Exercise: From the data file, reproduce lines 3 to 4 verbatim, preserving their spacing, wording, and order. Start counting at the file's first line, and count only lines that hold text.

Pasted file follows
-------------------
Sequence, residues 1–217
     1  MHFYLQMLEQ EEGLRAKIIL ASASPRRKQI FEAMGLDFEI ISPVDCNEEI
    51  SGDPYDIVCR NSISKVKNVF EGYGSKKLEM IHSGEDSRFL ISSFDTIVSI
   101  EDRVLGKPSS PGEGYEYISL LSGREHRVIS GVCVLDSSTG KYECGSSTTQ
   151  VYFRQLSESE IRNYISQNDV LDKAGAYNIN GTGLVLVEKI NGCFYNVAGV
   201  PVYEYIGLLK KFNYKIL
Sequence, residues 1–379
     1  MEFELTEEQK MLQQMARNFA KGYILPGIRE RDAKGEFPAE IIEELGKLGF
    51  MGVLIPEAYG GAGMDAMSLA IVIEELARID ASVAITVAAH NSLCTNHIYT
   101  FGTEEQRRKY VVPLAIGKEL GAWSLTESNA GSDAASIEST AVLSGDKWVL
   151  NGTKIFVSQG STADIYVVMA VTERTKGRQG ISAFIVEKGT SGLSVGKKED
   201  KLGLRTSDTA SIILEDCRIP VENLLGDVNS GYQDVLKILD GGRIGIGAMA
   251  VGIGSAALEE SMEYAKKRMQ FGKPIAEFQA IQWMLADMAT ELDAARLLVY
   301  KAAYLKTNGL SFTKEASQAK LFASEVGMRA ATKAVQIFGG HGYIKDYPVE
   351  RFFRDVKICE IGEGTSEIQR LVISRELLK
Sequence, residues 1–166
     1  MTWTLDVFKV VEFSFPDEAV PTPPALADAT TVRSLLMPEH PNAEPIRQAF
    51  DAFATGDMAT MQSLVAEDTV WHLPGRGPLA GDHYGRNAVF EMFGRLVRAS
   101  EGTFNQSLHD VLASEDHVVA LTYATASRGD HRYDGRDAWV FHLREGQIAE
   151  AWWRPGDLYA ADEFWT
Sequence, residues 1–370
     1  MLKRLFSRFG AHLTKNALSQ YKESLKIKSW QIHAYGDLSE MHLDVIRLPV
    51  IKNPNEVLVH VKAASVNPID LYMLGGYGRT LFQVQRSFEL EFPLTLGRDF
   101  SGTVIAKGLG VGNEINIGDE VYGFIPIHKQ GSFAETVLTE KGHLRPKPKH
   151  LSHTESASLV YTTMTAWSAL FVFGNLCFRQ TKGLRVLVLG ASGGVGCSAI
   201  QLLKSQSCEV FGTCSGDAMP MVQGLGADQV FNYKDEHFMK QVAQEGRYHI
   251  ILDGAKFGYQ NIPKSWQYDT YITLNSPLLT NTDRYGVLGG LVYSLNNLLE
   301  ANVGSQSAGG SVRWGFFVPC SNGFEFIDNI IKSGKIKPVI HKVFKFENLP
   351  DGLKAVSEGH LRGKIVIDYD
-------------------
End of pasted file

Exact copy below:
    51  SGDPYDIVCR NSISKVKNVF EGYGSKKLEM IHSGEDSRFL ISSFDTIVSI
   101  EDRVLGKPSS PGEGYEYISL LSGREHRVIS GVCVLDSSTG KYECGSSTTQ